Feds Prematurely Say NW Atlantic Population No Longer Endangered
The National Marine Fisheries Service (NMFS) is considering changing the status of leatherback sea turtles in the Northwest Atlantic after receiving a petition from a fishing group asking that the Northwest Atlantic leatherback sea turtles be listed as “threatened,” instead of endangered under the Endangered Species Act. Threatened species are still protected by federal law, but threatened species receive lesser protections than endangered ones.
NMFS has about eight months to make a decision about the status of the sea turtles.
Currently, the sea turtles are listed as endangered, which means they receive strong protections under the Endangered Species Act.
Turtle Island Restoration Network and the Center for Biological Diversity recently submitted a letter to NMFS opposing downlisting the NW Atlantic leatherback turtle from “endangered” to “threatened” under the Endangered Species Act.
It’s too soon to move the subpopulation of these sea turtles from endangered to threatened. It’s critical for leatherback sea turtles that this population continues to receive strong protection under the law.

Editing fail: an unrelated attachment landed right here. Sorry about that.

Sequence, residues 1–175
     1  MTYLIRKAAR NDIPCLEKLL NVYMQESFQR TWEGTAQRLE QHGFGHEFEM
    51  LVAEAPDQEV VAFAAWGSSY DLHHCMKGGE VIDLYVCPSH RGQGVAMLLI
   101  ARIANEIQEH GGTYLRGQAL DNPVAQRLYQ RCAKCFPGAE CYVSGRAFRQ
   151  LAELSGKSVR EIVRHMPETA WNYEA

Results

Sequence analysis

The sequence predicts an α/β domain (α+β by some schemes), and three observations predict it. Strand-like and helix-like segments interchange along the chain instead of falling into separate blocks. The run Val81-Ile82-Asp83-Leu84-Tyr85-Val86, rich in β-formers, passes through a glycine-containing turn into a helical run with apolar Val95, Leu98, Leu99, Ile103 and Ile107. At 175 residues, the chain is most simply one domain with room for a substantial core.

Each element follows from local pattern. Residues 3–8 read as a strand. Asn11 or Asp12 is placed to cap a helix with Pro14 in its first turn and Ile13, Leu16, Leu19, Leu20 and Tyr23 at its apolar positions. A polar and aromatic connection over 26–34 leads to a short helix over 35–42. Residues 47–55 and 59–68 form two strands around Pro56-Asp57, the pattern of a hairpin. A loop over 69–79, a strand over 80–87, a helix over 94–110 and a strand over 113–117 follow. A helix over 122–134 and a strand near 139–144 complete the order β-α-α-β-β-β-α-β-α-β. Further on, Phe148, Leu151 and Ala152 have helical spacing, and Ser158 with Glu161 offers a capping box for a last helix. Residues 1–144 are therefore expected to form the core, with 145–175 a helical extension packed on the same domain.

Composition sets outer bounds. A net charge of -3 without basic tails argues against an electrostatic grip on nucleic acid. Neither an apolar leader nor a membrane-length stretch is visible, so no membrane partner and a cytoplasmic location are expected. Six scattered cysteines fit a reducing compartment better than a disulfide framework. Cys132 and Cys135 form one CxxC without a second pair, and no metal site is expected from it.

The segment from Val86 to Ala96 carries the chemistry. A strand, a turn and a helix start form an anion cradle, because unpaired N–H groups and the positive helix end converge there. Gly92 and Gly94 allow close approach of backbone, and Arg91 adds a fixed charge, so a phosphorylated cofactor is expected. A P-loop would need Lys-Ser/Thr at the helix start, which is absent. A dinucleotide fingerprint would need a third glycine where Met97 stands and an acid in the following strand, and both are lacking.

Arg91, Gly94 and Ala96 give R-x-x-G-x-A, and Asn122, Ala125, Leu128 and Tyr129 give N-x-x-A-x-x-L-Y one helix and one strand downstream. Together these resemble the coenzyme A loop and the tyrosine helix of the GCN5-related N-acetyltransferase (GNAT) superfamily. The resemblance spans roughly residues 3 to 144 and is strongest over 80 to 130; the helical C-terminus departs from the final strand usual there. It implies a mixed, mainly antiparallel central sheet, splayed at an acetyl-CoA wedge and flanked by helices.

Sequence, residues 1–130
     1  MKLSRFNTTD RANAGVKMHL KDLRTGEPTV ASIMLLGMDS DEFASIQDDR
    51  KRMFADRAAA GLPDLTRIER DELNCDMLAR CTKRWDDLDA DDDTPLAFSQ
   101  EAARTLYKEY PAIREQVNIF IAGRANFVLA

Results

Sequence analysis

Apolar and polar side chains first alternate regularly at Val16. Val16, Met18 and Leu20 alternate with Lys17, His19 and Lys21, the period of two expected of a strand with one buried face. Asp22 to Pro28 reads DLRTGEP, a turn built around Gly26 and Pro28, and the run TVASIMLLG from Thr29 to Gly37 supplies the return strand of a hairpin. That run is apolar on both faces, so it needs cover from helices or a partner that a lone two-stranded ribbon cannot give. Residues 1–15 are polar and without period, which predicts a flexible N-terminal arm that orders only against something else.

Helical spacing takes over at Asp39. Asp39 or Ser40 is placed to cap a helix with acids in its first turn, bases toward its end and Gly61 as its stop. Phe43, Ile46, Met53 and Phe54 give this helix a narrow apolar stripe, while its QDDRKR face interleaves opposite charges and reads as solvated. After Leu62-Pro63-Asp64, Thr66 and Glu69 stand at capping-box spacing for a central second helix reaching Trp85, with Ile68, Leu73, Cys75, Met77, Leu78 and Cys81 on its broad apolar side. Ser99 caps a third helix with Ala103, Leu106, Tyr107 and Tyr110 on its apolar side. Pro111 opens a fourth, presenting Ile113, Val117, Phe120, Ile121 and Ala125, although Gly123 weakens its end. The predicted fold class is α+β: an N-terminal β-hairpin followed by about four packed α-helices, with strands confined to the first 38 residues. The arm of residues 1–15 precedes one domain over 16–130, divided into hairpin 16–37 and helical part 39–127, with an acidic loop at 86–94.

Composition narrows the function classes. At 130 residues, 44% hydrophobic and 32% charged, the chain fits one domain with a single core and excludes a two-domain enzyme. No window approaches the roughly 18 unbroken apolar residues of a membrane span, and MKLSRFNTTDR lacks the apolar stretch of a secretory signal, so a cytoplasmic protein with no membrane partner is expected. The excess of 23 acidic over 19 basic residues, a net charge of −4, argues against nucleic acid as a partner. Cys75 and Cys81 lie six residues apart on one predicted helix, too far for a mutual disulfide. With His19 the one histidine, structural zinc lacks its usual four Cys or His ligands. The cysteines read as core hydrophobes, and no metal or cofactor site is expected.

Photo: Guy Marcovaldi
The best available scientific and commercial information does not support downlisting the NW Atlantic leatherback turtle from endangered to threatened at this time because the subpopulation remains in danger of extinction in a significant portion of its range. These sea turtles still face too many threats from industrial fishing, habitat loss, pollution and climate change and populations are still too low.
NMFS is basing its potential decision on an increase in some nesting populations across the U.S. Caribbean and Florida over the past 40 years. Although this increase has occurred, the number of nests in important nesting areas have declined in the last decade, the nesting population fluctuates greatly and the nesting population seems to have actually been decreasing in the last few years. In addition, the NW Atlantic subpopulation still faces major and unaddressed threats that affect population recovery. In other words, the species remain in danger of extinction in a significant portion of its range.
Although existing regulatory mechanisms and conservation efforts have been promoting the recovery of nesting populations in the U.S. Caribbean and Florida, conservation measures are still inadequate to address fishery interactions and climate change-related stressors that threaten this subpopulation with extinction.